- An English and Yiddish sign asking for people to support the strike, by saying, “Help the garment workers in their fight for bread and freedom,” The Uprising of the 20,000, New York, New York: ca. 1910. From the Kheel Center at Cornell University.
- Strikes on the picket line, The Uprising of the 20,000, New York, New York: February 2010. From the Library of Congress.
In the two photographs, it illustrates the dynamics of the Uprising of the 20,000 strike against the New York’s garment factories. The strike, which began in November 1909, was the result of the incident at the Triangle Shirtwaist Company, where workers died because of the failure to monitor the working environment. Immigrant workers, mostly Jewish women, were employed in the garment factories. In the first photograph from the Kheel Center at Cornell University, a sign in both English and Yiddish asked for people to support the garment workers win the battle in order to have “bread and freedom.” One of the primary concerns that the workers protested against their employers was safer working conditions. This photograph shows that the garment workers needed all the help and support they can get. The fact that the sign is in Yiddish shows how Jewish immigrants are deeply affected by the garment industry. In the second photograph from the Library of Congress, it shows two women on the picket line during the Uprising of the 20,000. These women look proud to be on the picket line as they are seen smiling at the camera. The women are portrayed to be bravely supporting their cause as they wear the signs with pride.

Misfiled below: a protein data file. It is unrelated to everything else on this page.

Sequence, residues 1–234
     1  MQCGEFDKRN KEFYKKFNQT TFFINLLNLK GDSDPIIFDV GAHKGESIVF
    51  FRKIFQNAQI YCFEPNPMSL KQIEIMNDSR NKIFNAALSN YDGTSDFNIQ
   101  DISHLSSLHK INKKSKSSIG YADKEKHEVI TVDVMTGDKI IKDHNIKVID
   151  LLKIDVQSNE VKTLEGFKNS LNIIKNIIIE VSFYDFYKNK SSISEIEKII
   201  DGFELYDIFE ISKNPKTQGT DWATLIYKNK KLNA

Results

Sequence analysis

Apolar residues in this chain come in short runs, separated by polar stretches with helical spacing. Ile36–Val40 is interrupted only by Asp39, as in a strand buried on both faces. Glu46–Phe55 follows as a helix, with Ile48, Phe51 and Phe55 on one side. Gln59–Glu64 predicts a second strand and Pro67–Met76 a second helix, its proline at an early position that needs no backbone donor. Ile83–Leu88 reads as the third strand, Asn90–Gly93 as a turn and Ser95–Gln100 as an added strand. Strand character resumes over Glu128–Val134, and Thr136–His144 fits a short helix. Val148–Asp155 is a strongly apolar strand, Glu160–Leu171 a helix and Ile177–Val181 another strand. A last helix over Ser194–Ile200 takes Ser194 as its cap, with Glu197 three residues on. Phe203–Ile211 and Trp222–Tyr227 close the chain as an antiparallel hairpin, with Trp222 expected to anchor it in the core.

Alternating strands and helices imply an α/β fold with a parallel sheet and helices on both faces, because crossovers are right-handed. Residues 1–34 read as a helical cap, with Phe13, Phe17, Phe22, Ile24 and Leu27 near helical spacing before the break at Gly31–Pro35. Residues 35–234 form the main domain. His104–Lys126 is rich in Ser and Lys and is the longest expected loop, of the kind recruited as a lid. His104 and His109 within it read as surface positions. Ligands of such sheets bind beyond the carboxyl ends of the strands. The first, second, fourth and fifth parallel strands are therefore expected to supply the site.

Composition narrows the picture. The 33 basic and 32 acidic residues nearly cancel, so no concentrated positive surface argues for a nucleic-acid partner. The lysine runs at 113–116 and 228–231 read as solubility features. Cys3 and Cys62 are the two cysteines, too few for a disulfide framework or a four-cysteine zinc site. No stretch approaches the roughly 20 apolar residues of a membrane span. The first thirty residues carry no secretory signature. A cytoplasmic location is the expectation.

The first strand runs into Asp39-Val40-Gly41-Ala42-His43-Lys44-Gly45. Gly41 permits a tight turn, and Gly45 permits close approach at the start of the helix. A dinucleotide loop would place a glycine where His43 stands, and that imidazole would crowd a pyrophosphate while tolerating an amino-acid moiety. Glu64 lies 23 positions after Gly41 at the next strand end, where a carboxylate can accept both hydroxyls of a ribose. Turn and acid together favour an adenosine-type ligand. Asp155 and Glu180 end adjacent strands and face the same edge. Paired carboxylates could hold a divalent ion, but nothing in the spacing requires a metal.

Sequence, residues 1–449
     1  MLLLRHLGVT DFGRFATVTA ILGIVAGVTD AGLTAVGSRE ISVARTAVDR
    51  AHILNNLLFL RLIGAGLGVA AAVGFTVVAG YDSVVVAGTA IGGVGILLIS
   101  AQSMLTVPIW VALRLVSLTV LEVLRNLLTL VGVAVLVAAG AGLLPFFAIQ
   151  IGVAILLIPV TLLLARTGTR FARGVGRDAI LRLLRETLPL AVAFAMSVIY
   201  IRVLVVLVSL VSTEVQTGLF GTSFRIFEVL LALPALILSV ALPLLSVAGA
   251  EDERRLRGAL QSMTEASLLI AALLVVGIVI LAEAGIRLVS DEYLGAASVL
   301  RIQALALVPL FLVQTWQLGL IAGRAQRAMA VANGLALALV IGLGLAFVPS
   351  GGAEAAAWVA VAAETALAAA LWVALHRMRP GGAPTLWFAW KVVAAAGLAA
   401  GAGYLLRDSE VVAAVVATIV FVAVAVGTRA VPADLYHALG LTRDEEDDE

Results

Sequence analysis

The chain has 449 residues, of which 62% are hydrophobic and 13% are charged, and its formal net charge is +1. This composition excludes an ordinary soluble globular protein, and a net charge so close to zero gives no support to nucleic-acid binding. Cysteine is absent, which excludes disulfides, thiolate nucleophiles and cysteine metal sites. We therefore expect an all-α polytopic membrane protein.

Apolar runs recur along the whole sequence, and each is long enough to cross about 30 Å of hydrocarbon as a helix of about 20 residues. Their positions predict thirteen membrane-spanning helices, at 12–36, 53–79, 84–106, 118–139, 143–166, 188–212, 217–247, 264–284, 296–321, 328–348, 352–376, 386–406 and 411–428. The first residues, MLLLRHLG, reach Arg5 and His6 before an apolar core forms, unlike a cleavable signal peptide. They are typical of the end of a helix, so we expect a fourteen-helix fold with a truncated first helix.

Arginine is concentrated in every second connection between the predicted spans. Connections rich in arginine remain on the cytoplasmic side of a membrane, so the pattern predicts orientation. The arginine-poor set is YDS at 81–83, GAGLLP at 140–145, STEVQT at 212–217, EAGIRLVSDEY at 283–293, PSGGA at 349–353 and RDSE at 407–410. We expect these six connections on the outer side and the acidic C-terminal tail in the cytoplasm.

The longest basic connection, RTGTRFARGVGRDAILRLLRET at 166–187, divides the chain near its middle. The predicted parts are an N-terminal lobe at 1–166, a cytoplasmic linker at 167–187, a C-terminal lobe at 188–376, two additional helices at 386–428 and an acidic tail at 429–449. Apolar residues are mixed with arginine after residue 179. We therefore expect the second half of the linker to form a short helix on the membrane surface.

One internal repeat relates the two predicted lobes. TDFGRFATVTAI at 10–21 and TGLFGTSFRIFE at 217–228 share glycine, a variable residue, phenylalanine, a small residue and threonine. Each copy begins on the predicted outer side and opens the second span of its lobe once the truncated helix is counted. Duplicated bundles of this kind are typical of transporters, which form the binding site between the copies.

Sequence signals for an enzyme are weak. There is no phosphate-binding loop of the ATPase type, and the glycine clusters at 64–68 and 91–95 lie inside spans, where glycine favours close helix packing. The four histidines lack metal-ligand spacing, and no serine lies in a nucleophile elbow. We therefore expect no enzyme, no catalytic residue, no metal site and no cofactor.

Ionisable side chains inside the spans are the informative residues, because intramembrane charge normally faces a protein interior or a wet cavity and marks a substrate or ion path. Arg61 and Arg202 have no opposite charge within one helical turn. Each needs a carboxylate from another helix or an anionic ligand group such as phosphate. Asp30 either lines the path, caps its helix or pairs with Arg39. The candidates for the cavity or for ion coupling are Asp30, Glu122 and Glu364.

There are several differences in the two photographs. The first photograph was taken in Decemeber 1909, when the strike just begun. It may be an indication that the strike was not generating enough support yet, hence the sign on the shop. However, the second photograph was taken in February 1910, a few months into the strike. By this time, the strike was gaining recognition and respect for their cause. This is the reason for the gloomy mood in the first photograph. In the second photograph, it shows that people were not afraid to stand up for what they believe in as they march and protest for their rights. In addition, the first photograph focuses more of the impact the strike has on immigrants when compared to the second photograph.